Weblog of the acting government of the Hawaiian Kingdom
presently operating within the occupied State of the Hawaiian Islands
Yesterday, Lopaka Brown, through his attorney Dexter Kaiama, esq., provided evidence and argument in District Court that the court is not lawfully constituted according to United States constitutional law and international law because there exists no treaty of annexation that would have incorporated the Hawaiian Islands into the United States of America.
Without a treaty, U.S. law enacted by the Congress have no force and effect beyond U.S. territory, which nullifies the 1898 Joint Resolution of Annexation and the 1959 Statehood Act. The District Court derives its authority from the 1959 Statehood Act. The proper Court is a military commission established by the U.S. Pacific Command that administers Hawaiian Kingdom law and the laws of occupation.
Additional evidence provided to the court were two executive agreements entered into between Queen Lili‘uokalani and President Grover Cleveland that settled the illegal overthrow of the Hawaiian government. The first agreement, called the Lili‘uokalani assignment, binds the U.S. President, through the Pacific Command, to administer Hawaiian law and the laws of occupation.
If the Court disregards the evidence, it would be committing a felony by denying Brown a fair trial according to Title 18, U.S.C., §2441. In 1996, Congress enacted the War Crimes Act that criminalized war crimes identified in the 1949 Geneva Conventions as felonies. Article 147 of the Fourth Geneva Convention states that failure to provide a fair trial in an occupied territory is a war crime.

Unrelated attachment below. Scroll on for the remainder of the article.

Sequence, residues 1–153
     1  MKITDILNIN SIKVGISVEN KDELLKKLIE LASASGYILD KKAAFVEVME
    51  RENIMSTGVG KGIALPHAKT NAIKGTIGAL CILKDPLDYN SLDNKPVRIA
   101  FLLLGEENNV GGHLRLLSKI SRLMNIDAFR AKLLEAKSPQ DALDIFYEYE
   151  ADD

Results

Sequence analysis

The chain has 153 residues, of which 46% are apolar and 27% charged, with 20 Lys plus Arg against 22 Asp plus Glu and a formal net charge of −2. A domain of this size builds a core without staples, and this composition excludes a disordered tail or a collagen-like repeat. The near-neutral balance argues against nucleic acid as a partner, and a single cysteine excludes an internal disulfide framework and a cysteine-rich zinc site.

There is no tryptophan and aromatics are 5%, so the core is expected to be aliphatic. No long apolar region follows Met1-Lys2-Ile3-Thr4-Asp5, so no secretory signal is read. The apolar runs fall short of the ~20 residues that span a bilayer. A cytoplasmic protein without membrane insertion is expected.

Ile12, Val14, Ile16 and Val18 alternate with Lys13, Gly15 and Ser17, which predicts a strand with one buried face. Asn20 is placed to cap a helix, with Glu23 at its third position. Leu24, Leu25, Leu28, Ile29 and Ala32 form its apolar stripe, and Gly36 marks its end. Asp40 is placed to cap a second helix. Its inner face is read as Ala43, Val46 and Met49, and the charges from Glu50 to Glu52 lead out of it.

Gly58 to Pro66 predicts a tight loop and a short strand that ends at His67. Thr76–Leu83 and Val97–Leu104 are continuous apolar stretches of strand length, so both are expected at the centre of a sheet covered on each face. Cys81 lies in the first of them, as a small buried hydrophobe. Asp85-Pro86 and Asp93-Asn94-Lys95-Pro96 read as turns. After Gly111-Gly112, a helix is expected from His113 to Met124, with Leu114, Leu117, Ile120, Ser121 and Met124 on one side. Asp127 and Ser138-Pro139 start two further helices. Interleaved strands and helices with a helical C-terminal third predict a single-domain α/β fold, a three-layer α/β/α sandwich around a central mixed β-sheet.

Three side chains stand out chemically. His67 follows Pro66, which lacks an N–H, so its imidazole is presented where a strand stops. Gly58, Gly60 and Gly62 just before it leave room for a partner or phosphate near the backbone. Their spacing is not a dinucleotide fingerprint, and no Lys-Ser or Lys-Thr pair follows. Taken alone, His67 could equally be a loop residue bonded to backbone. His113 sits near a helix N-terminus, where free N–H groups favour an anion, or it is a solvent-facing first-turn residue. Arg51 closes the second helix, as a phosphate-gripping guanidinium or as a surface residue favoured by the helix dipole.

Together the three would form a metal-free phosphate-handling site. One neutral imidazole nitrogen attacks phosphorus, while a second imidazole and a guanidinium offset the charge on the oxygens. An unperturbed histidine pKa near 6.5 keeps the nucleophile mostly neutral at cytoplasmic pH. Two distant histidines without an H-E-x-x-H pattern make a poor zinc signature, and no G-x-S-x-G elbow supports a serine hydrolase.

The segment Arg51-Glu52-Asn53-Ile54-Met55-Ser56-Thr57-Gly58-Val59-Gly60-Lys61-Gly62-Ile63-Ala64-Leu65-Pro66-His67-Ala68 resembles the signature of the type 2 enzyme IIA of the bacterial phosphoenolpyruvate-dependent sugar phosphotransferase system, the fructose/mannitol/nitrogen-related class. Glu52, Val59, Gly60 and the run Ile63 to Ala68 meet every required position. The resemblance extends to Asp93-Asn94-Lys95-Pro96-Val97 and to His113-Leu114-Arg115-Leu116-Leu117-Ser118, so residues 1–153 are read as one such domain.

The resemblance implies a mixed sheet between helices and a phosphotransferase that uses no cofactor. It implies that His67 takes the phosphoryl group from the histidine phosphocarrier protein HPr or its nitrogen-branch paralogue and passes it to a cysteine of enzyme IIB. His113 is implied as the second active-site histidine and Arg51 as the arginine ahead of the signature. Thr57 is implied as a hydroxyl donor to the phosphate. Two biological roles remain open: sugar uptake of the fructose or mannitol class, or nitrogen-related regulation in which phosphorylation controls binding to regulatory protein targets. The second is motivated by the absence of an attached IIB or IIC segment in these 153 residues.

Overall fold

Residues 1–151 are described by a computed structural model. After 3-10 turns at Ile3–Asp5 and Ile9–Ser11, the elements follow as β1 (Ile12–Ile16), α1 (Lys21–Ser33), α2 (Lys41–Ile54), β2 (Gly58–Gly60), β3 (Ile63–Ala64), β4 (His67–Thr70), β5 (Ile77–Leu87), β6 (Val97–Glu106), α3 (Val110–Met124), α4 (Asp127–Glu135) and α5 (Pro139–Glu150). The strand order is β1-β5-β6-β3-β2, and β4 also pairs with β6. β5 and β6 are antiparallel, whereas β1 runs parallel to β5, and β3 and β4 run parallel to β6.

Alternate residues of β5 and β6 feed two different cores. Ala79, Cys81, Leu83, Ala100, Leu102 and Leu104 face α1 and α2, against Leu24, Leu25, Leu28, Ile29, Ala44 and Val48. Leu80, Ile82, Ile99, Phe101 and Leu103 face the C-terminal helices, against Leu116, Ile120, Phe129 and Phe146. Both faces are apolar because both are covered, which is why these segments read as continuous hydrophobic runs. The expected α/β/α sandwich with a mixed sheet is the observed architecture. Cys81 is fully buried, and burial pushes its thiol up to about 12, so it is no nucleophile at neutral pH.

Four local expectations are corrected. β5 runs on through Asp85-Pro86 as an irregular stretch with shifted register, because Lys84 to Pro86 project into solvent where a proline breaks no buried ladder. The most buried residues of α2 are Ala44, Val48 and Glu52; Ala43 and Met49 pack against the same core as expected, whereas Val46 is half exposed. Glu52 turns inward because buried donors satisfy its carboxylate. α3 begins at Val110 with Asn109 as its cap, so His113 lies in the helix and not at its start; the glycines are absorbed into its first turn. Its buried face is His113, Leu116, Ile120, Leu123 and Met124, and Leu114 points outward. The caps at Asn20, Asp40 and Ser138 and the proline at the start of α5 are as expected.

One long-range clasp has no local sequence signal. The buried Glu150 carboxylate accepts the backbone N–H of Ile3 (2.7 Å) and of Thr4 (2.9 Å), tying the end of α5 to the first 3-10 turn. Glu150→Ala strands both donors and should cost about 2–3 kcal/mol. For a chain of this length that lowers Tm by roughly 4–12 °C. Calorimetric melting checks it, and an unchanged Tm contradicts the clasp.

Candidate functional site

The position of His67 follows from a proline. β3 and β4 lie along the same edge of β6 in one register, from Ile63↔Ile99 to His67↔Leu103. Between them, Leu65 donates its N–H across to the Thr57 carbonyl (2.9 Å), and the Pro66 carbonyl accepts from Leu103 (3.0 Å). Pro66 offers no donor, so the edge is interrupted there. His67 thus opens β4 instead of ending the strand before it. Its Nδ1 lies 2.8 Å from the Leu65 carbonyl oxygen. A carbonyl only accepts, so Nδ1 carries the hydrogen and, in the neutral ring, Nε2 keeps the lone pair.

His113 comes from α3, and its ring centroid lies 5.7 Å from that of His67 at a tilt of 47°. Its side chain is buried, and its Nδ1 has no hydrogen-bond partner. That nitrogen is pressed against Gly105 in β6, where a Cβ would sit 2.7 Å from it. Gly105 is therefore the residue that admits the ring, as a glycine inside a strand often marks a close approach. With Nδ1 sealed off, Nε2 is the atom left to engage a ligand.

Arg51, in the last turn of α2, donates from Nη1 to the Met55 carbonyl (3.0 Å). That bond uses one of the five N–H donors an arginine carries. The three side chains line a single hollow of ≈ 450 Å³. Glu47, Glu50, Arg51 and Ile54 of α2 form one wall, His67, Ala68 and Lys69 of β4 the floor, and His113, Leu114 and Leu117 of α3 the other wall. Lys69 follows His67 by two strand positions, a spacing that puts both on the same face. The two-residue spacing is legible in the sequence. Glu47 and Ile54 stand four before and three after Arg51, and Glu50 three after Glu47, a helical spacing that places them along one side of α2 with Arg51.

WILLEMSTAD--Former Prime Minister of the Netherlands Antilles Miguel Pourier passed away on Sunday in Curaçao at the age of 74. He had been battling prostate cancer for some time.
Originally from Bonaire, the financial expert founded the political party "Partido Antia Restruktura" (PAR) that came out of a social movement backing the winning Option A to maintain the Antilles, in Curaçao's first constitutional referendum of 1993. All the existing parties had backed the losing Option B for the island to get an autonomous status.
Pourier, who had been interim prime minister for a short period once before in 1979, led PAR to victory in the 1994 elections. He served as Prime Minister from 1994 to 1998 and again from 1999 to 2002.
The efforts to meaningfully restructure the so-called "Antilles of Five" (Aruba had already left the constellation in 1986) and remove certain obstacles to keeping the islands together failed, however. A second round of referenda was held, starting in St. Maarten in 2000, in which majorities in Curaçao and St. Maarten opted after all to become autonomous countries within the Dutch Kingdom, prompting the dismantling of the Netherlands Antilles effective 10-10-10, with the three "small islands" Bonaire, St. Eustatius and Saba becoming special overseas public entities of The Netherlands.
Despite this disappointment, Pourier worked tirelessly on the enormous financial problems facing the Central and Curaçao governments during his terms in office. With support from the International Monetary Fund (IMF), he took severe austerity measures that were so strongly opposed that at one point he had to take a boat to work to circumvent a blockade.
He will be remembered as a man of integrity, a sober and courageous leader who was not afraid to take unpopular decisions. He felt left in the cold and abandoned active politics in 2002, when part of the budgetary support from The Hague agreed on with the execution of the IMF programme remained forthcoming because not all conditions had been met.